War Over

Pence points out coal production is up

Vice President Mike Pence’s observation Thursday in Wheeling that “the war on coal is over” gained him — and President Donald Trump — a well-deserved round of applause.

Speaking during an event that focused on tax reform, Pence reminded those in the audience at Oglebay Park’s Wilson Lodge that progress has been made in rolling back unnecessary regulations, too.

Mountain State residents are well aware of former President Barack Obama’s war on coal and affordable electricity. Trump is keeping his promise to rein in the Environmental Protection Agency.

That is producing results, Pence said Thursday. Coal production in our state last year was 16 percent higher than in 2016, he explained.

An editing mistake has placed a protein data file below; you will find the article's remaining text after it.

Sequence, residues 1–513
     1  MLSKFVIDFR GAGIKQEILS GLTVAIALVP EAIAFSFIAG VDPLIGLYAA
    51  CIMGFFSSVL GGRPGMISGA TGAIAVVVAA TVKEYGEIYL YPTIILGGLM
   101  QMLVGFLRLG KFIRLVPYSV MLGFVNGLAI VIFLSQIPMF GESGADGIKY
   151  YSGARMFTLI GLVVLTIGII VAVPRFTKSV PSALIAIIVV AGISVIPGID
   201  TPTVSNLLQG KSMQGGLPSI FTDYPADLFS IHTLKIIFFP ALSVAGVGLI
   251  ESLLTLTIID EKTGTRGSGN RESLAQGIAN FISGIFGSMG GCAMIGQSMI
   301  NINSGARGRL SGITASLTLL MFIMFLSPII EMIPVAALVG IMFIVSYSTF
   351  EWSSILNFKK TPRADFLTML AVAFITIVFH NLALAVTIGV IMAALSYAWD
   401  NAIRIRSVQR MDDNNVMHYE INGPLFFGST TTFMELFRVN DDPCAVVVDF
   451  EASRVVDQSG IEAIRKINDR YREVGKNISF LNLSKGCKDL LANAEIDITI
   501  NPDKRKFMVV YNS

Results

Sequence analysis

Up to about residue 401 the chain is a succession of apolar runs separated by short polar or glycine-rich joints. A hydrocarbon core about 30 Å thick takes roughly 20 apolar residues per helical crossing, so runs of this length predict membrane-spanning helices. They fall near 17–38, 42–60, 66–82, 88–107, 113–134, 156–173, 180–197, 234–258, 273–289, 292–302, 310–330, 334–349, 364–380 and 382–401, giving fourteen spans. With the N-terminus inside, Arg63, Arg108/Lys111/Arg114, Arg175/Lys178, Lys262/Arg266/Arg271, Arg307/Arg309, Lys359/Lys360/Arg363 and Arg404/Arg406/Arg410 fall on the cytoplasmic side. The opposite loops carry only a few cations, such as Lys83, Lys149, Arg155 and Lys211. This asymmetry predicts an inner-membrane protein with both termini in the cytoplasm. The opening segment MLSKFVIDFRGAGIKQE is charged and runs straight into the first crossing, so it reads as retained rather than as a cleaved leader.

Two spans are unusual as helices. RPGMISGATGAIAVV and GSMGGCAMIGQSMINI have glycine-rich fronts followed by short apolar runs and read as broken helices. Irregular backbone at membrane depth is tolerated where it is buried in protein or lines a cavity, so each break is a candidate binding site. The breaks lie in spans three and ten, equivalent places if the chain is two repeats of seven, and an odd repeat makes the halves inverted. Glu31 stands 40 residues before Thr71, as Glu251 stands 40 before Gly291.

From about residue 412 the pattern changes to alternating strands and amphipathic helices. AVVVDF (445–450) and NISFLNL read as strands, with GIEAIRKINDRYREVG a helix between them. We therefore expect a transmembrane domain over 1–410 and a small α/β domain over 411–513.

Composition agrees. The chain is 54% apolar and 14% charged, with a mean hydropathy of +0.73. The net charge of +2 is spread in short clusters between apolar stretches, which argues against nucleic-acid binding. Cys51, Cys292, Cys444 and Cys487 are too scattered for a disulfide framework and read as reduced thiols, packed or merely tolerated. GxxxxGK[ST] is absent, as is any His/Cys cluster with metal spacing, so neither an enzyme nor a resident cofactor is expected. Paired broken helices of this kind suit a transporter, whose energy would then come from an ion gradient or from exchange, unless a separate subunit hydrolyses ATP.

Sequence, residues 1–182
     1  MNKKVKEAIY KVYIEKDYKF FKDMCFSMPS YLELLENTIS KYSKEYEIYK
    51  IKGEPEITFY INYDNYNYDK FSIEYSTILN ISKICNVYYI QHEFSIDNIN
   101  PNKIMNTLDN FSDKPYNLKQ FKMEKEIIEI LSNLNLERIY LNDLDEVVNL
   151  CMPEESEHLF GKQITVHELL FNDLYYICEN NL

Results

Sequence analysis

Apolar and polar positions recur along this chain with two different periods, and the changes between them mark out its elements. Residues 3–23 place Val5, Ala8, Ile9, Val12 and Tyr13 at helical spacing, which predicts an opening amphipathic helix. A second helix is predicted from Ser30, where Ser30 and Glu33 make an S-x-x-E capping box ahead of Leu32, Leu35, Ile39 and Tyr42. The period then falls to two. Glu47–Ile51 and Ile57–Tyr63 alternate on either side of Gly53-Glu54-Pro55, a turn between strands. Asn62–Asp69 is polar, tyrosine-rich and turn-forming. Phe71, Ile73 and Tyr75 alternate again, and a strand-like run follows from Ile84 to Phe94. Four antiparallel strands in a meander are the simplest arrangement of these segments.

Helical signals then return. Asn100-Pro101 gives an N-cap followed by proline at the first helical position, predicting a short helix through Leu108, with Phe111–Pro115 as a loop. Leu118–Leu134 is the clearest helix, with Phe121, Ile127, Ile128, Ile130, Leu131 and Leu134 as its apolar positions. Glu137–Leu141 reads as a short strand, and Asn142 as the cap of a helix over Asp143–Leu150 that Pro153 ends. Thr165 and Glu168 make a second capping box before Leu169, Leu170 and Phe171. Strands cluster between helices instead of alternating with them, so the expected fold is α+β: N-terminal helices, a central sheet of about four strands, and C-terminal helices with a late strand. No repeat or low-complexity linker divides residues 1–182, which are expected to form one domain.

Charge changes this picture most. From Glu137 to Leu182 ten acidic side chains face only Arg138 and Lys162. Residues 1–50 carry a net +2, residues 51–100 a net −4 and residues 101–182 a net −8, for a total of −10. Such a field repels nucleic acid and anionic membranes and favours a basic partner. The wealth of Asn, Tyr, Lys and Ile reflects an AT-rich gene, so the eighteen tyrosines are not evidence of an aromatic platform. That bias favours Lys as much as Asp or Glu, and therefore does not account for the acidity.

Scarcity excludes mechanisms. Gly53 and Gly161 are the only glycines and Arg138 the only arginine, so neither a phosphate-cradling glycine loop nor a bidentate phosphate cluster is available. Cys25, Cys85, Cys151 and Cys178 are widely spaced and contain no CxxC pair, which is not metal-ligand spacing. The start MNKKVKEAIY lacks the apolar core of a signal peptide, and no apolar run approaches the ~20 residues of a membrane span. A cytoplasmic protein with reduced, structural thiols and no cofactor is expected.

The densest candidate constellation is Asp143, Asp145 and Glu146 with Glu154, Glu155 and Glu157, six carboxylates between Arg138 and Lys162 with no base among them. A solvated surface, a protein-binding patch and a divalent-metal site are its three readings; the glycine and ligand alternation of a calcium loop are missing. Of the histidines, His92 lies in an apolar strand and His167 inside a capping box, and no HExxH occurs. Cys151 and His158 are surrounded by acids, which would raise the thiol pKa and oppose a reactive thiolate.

Though Pence didn’t mention it, thousands of families have felt the effects of the cease-fire in the war on coal. Mining and logging employment in West Virginia (unfortunately, neither state nor federal agencies separate the two) totaled about 23,000 in June. That was an increase of about 2,300 since Trump took office.

So yes, Trump is keeping his promise. But much more remains to be done.

Obama’s war affected more than the coal industry. It also has an impact on electricity prices, because the coal industry the former president wanted to destroy supplies the lowest-cost, more dependable generating fuel available.

Obama-era incentives for utilities to shut down coal-fired power plants were embraced by many companies. That, too, needs to be reversed.

Good for Trump — and conservatives in Congress who have supported an end to the assault on coal. Now, it is time to move on to ending the war against affordable, reliable electricity.